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Chapter 4. Basic (X)HTML Formatting

Chapter 4. Basic (X)HTML Formatting

While it’s a good idea to try to separate formatting from content and to use style sheets for controlling the appearance of your page, there are a few simple (and still legal) ways to format text in (X)HTML that I will discuss in this chapter.

Why should you use basic (X)HTML formatting instead of CSS? There are two main reasons. First, most of the elements discussed in this chapter are logical elements, that is, they give structure to your document by describing what they contain. For example, the code element is specifically designed for formatting lines of code from a script or program. While it formats such content in a monospace font, it also more importantly identifies the text as code.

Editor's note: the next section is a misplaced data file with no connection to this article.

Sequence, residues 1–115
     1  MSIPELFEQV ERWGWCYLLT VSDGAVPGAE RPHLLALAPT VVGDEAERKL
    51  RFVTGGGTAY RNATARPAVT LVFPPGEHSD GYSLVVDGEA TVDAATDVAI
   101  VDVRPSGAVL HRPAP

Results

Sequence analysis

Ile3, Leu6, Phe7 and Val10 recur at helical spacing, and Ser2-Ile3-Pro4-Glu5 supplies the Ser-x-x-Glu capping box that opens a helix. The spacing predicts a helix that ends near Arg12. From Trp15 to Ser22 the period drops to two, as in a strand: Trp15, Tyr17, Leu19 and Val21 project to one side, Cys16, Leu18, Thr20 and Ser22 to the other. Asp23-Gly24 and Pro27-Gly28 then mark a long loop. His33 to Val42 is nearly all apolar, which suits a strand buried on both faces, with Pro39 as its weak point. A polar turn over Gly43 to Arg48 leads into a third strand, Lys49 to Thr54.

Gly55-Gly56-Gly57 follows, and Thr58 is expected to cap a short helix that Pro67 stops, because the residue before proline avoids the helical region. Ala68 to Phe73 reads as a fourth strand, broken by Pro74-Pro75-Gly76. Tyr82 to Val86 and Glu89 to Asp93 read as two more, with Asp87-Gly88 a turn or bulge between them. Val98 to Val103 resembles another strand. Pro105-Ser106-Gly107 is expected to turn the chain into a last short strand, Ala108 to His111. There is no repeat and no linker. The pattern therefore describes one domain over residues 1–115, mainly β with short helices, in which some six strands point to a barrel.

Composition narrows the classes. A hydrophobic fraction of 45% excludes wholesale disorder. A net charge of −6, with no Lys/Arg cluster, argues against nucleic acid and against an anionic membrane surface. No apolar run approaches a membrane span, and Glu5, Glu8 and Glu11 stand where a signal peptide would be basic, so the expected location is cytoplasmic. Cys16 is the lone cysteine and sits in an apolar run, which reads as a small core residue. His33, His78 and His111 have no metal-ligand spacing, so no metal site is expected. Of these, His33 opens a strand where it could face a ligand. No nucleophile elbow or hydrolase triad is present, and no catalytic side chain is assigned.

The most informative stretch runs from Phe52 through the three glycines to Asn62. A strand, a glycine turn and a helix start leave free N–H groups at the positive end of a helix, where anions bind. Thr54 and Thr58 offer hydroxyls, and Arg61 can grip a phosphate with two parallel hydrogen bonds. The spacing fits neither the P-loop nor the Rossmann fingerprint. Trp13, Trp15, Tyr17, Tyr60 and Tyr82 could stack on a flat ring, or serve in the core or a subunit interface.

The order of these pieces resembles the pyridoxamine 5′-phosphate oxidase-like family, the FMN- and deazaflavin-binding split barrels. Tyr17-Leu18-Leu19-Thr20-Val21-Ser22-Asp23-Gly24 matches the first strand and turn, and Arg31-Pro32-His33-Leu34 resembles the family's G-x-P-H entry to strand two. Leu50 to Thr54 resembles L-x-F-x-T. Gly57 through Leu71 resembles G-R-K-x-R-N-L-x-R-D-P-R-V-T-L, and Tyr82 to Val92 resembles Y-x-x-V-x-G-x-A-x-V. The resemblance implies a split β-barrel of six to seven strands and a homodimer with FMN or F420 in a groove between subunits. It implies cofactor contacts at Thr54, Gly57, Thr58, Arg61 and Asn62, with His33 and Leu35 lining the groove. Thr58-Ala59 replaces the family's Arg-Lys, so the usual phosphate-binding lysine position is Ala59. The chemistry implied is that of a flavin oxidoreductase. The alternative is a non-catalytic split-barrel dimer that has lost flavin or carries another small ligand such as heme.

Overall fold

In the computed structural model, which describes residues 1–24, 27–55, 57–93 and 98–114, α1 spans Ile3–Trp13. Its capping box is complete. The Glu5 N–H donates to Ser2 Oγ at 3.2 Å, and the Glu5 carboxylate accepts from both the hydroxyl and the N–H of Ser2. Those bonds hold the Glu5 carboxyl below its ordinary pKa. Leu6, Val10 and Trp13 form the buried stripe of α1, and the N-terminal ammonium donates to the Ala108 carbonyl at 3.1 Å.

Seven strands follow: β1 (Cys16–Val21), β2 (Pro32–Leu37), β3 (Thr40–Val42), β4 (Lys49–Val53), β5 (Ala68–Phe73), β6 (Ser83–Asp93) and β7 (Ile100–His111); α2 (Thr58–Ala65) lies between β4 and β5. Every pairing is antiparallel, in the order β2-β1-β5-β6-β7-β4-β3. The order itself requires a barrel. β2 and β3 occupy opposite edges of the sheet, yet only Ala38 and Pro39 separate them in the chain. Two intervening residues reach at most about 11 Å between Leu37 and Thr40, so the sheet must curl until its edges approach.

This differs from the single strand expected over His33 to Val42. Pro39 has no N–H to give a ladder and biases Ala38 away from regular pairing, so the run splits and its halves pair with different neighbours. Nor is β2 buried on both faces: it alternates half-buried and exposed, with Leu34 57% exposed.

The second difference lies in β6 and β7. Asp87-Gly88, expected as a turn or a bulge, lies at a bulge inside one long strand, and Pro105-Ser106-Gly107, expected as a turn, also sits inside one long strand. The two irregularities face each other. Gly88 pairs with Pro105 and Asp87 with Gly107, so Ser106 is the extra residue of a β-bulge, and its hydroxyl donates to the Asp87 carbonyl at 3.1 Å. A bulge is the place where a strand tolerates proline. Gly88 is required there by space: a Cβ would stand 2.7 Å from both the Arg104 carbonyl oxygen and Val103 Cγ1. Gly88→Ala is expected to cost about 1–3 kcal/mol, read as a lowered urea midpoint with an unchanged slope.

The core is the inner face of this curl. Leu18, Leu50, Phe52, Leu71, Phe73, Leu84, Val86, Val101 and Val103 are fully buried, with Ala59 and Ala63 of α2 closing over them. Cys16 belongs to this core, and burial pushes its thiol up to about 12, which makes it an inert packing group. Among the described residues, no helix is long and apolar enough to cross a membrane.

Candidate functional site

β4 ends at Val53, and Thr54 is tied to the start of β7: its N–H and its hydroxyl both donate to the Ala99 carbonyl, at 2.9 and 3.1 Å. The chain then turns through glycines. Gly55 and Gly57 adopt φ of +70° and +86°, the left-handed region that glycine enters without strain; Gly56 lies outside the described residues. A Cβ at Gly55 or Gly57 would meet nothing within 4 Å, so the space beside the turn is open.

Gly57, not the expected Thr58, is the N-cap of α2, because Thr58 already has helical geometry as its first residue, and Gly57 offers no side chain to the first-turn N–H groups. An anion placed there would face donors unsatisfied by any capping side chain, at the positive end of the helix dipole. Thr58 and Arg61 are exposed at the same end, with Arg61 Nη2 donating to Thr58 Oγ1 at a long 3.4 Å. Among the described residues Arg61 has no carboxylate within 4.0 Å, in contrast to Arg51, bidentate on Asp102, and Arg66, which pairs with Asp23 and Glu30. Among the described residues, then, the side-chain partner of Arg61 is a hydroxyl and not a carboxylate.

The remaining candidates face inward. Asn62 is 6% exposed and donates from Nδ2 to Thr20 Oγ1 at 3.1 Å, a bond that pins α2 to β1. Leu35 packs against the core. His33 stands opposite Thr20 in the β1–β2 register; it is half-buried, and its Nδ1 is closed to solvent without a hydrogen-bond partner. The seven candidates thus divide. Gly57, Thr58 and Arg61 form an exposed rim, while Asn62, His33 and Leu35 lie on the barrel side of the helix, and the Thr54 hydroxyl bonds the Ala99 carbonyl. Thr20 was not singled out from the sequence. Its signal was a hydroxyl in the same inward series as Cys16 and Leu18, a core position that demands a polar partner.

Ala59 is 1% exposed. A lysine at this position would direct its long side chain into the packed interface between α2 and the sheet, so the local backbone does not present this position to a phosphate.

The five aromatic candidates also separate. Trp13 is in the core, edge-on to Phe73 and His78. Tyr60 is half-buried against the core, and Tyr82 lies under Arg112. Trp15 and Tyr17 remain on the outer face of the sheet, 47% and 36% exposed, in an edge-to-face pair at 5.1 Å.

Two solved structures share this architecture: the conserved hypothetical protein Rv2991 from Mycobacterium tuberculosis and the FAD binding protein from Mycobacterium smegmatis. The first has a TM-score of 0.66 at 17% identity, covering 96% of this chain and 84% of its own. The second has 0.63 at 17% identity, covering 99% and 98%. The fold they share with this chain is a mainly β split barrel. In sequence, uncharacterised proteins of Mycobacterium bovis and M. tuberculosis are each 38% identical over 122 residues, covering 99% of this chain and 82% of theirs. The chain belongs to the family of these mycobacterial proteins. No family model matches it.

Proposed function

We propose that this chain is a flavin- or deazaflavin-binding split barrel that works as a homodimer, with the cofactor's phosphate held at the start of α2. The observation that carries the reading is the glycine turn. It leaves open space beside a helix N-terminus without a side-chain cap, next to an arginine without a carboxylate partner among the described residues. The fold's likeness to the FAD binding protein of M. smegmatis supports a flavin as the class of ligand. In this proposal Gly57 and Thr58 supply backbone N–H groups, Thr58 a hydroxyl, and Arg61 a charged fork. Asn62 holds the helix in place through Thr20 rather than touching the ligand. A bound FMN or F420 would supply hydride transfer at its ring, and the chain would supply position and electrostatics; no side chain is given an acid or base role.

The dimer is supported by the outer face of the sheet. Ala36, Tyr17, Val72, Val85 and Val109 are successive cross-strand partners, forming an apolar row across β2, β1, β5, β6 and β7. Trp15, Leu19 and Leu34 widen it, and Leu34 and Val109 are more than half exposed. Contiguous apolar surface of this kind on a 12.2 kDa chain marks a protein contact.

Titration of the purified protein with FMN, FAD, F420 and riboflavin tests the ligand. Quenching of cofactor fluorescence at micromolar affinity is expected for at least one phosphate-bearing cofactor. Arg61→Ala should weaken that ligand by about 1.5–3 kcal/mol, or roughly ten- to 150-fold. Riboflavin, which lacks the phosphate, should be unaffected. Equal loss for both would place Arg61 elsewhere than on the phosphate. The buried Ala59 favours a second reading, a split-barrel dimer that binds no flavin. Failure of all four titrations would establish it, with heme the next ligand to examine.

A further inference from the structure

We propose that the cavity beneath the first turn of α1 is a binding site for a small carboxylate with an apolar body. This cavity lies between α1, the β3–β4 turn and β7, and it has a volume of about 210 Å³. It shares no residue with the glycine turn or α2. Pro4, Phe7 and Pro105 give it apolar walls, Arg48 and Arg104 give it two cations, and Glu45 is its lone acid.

The second reason to use the basic formatting elements in this chapter is because CSS is sometimes too big a bazooka for the job. If you want to highlight a word or phrase on your page, instead of enclosing it in a span element with a particular class and then creating a style sheet for that class, you can just wrap it in a simple formatting element and be done with it.

There are a number of formatting elements—for changing the font, size, and color, for example—that, while still legal and supported, are being phased out of (X)HTML in favor of style sheets. I discuss these (and the pros and cons of using them) in Chapter 21, Formatting: The Old Way.

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